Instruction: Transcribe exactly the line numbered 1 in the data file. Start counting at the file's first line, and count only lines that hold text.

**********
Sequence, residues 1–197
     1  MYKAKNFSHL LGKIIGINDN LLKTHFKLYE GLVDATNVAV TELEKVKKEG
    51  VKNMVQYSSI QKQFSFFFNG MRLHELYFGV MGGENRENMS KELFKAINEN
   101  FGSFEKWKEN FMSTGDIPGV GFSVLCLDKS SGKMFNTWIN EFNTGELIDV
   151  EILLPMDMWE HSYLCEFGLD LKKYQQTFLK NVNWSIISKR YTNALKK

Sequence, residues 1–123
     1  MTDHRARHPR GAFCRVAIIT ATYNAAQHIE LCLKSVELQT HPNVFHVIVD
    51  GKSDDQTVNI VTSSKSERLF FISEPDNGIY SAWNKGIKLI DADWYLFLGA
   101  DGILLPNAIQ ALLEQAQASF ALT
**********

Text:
Sequence, residues 1–197